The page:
+ Some armies lend themselves more easily than others to being involved in different scenarios within the 40k universe. Guard, Orks and Eldar, for example, are hugely diverse and don't really vary much across the timescale of the galaxy. These armies can turn up anywhere from tiny kill teams to massive apocalypse games, and from the Horus Heresy to the post-Resurrection period of M42. +

+ Some armies/forces require either more though to come up with a cool reason why they'd be fighting – or, as a group, you might come to an agreement not to use them against each other. Perhaps most obviously, highly-themed Horus Heresy period armies don't easily fit into games against Tau or Tyranids – but unless you come to the conclusion that you or the other player(s) won't have a good experience, remember that there's no harm in playing a scenario in which the Tau/Tyranids are played as one of the numerous Xenos species encountered during the Great Crusade, or conversely that the Space Marines are a Chapter blessed with huge numbers of Relic equipment. A good story can help fill the narrative gaps. +

+ Above all this, It's also worth remembering that you can just treat things a bit more lightly, and forget the number of rivets (or limbs!) on your models, and simply have a fun game. Not everything needs to be justified. +

+++

+ Enough talk! More action! +


+ Man, I think this model is awesome. A great combo of cheesy action movie  and video game tropes, cool chunky GW details, and a real sense of character. About the only thing I don't like about it is the fact that the first plastic infantry model for the Guard in about two decades was a limited splash release that can't be found for love nor money. I hope that local hobby shops benefitted from GW's largesse (and I do genuinely think it was a nice gesture), because it seems to have caused a large amount of friction and disappointment in the Imperial Guard community. Here's hoping that it gets a broader release at some future date. +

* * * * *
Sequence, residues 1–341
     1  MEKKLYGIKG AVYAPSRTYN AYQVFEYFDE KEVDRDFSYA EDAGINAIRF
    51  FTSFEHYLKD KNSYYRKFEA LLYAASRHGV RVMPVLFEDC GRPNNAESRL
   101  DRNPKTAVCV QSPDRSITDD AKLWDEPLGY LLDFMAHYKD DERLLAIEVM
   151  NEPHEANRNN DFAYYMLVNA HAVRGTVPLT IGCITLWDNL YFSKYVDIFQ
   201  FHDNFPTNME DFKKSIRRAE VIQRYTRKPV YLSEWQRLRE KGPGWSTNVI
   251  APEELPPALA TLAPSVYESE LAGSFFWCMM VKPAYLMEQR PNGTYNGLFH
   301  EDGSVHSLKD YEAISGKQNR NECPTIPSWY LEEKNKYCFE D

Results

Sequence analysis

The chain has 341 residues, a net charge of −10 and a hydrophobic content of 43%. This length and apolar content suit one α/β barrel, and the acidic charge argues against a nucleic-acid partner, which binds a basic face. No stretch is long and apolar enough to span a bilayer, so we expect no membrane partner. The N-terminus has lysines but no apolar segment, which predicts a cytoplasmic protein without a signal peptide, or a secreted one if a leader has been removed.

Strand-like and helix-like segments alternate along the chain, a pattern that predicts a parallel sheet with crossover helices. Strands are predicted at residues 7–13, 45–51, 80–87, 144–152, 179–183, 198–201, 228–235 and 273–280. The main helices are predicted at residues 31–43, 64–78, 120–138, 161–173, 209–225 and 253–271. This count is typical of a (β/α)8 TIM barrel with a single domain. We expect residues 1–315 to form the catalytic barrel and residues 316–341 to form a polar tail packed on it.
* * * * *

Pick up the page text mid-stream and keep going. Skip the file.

+ Enough grumbling (that's reserved for when the Longbeards get on the painting table!), let's get stuck into definitely-not-Carl-Weathers-from-PredatorThis figure isn't quite finished, but I couldn't resist showing him off at this point. +


+ As noted in yesterday's inload, it's been a while since I've painted up Guard – though a few baseline humans have been sneaking through. This model was a treat to paint, with a mix of smooth fabrics for detailing, nice clean plates for sharp highlighting, and the perennial favourite, bare skin for blending and glazes. +

+ I kicked off with an experiment, using Halford's Camouflage spray paint to undercoat him. I genuinely thought this was an April Fool's joke when I spotted it in-store, but it turns out it's a range of four matt sprays that you use to build up camouflage on (full-size) vehicles. The deep brown is a lovely undercoat that I think combines the best bits of my usual black and grey primers – lots of depth, but not dead. +


+ I started with the base, then moved onto the skin. Once these were complete, I painted the fatigues using a variation on the camouflage tutorial here: [+noosphericinloadlink embedded+]. The swapped-out colours are pictured above, but note that the brown undercoat is serving as the deepest value. The key thing is to have a deep tone, midtone and light tone. +



+ Bits still to do include the lenses on the field glasses, the eye on the servoskull/banner/aerial thing, and some sort of eye-catching accents – perhaps some bright glowing green xeno blood? +


+ Bright accents don't make much sense on camouflage, of course, but they do make a model more fun. Tasteful and muted is my vibe, but it's nice for special figures to stand out a bit. +


+ The rear detailing could do with some more attention, too. I was toying with the idea of a slight OSL around the backpack generator/battery for the power fist. That cloth could do with a marking or two, as well. +

+++

+ Jungle is massive +


+ One man does not a killteam make (unless you count Marbo, of course), so I've also been working on his squadmates. Sergeant 'Ripper' Jackson, above, was a kind gift from Lord Blood the Hungry. She's coming along nicely, and I hope to finish her off this week. +


+ Vaguely related to this is a Knarloc who's been sitting on my desk for a long while. Kroot are one of those projects that're always the bridesmaids, never the bride. I thought fitting them in with a loose jungle theme for 2021 might encourage me to get some done. +